Fruity Pebbles Macaron Ice Cream Sandwiches at MILK, Los Angeles

How do you take ice cream sandwiches to the next level? By swapping plain chocolate chip cookies with French macarons. Though they're available in a multitude of colors, the most eye-catching may be the Fruity Pebbles, a pink-on-pink confection partially dipped in white chocolate and the rainbow cereal.

Rainbow Sangria at I|O Godfrey, Chicago

Chefs oversee both the kitchen and the bar at this sleek rooftop lounge inside River North’s Godfrey Hotel, working up whimsical drinks to match fancy small bites like truffle fries and wagyu beef sliders. Executive Chef Nathaniel Cayer is the mastermind behind the rainbow sangria, which starts with a base of colorful fruit granita ice cubes When it comes time to serve, they’re topped with a splash of melon vodka and moscato. The drink evolves as the night wears on and the ice cubes slowly melt and mingle.

Crepe Cake at Dek Sen, New York City

Mille-crepe cakes come in various hues depending on their flavor (vibrant green matcha or chocolate, for example), but the one at this Queens Thai restaurant Dek Sen features all six colors of the rainbow at once. Two pans are used to fire up 20 delicate tinted pancakes, which are then assembled into a cake with layers of homemade whipped cream. Each slice is plated with more cream and a strawberry sauce.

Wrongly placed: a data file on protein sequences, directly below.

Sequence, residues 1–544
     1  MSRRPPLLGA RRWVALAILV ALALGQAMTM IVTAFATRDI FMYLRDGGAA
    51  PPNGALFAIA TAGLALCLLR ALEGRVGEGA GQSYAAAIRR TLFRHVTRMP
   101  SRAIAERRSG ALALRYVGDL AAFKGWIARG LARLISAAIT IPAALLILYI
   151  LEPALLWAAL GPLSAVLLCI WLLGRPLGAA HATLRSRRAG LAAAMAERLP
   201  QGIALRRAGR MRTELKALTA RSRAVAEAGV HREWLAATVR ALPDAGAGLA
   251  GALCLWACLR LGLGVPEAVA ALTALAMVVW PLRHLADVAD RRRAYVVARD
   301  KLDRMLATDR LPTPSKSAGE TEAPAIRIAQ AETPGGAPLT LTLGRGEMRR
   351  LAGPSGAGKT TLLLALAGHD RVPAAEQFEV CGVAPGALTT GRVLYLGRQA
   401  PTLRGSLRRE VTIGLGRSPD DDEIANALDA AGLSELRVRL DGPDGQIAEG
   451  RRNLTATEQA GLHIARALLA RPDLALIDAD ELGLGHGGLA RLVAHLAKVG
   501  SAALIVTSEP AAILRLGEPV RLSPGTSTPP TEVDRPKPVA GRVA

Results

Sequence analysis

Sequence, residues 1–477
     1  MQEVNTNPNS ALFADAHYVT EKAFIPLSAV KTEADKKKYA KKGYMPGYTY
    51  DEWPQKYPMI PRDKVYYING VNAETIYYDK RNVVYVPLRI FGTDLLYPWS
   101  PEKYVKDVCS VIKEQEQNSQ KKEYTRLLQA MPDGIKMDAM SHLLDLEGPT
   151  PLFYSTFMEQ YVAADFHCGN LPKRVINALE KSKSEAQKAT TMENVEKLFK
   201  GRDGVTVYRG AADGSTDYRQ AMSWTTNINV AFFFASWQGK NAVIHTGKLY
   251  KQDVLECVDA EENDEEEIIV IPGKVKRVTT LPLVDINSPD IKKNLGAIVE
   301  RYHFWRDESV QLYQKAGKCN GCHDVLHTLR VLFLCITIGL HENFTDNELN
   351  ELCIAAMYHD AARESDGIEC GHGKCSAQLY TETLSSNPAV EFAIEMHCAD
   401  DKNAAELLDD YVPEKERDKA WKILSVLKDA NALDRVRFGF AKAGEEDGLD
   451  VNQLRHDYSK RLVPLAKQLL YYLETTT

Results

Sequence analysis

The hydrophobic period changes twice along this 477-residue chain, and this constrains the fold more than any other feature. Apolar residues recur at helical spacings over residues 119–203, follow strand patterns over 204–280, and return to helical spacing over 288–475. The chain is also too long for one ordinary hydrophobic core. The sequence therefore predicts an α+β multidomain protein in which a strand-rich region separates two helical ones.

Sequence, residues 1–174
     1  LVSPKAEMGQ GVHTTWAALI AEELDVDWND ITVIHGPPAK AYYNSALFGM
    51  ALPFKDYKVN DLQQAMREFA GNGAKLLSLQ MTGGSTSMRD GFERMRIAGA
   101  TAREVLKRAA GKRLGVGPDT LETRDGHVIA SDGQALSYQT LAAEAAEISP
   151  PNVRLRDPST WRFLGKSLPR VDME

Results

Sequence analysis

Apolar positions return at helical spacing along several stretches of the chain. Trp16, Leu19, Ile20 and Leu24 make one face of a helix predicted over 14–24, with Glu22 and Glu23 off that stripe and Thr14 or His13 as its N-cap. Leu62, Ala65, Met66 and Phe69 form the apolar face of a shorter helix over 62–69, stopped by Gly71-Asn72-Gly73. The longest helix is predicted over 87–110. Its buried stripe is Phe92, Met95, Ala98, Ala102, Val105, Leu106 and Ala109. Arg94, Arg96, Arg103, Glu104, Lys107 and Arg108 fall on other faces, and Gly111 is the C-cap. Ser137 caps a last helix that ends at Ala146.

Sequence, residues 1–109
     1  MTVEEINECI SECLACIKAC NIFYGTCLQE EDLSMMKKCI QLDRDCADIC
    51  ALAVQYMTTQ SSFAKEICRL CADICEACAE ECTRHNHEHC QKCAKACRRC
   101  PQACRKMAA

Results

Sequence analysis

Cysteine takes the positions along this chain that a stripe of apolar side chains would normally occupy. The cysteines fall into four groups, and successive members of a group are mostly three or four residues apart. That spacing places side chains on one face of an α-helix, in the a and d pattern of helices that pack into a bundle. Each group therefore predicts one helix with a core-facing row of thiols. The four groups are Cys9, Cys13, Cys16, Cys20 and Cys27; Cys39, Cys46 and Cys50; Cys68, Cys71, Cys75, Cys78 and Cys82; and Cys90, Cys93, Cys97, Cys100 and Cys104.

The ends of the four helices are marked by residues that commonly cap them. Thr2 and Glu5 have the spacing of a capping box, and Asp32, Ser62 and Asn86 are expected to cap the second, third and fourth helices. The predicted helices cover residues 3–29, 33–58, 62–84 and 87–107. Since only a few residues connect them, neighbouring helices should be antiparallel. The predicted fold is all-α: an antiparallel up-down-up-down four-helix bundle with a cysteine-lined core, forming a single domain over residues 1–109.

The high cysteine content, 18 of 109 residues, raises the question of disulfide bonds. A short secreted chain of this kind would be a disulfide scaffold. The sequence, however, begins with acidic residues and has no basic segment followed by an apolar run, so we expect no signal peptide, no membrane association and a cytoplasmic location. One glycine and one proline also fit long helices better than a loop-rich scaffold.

Bam Bam Milkshake at The Toasted Mallow, Phoenix

The name of the milkshake at this specialty marshmallow shop should instantly give away the featured ingredient: Fruity Pebbles. The cereal shows up in two components: the milkshake, a blend of the cereal, strawberry ice cream and milk, plus a topping of fresh marshmallow fluff, more Fruity Pebbles and a toasted marshmallow.

Mozzarella Sticks at Tony Boloney's Atlantic City and Hoboken

The mozzarella sticks at Tony Boloney’s are a labor of love. The New Jersey pizza joint makes everything from scratch, from the cheese to the bread to the natural food coloring. Chefs use beets, turmeric and other dehydrated fruits and seeds to stain the mozz, then roll each baton in a house blend of breadcrumbs, Pennsylvania Dutch pretzel bits and panko. They’re fried to a crisp golden-brown, then delivered to your table for the perfect cheese pull.

Taste the Rainbow at Bitter & Twisted, Phoenix

Bitter & Twisted is housed — ironically — in the same building that once served as Arizona’s Prohibition headquarters. Only now, instead of preventing the flow of alcohol, the space pours sophisticated cocktails that fill a literal book. One such concoction is this tropical mix of house-infused kaffir lime gin and sloe gin with fresh lime, pineapple and strawberry juices. It’s shaken 'til foamy, then — true to its name — topped with colorful powder that forms an arc.

Rainbow Sliders at Sugar Factory American Brasserie, Las Vegas

Everything at this celeb-approved hotspot is as fun to look at as it is to eat, including goblets of candy-studded cocktails and the eye-catching rainbow sliders. Each tiny burger comes in a different-colored brioche bun, but all hold fillings of a mini angus beef patty, pickles, American cheese, onion rings and Sugar Factory's special sauce.

Blackberry Walnut French Toast at Cork & Pig Tavern, Fort Worth

Cork & Pig Tavern is all about elevated comfort food. On weekends, Chef Felipe Armenta puts a next-level touch on brunch staples like steak and eggs, huevos rancheros and French toast. In a French toast take that could be considered dessert, Armenta uses Fruity Pebbles to form a crisp crust around house-baked bread. Once golden-brown, the custardy slices are finished with a scoop of vanilla ice cream and maple syrup.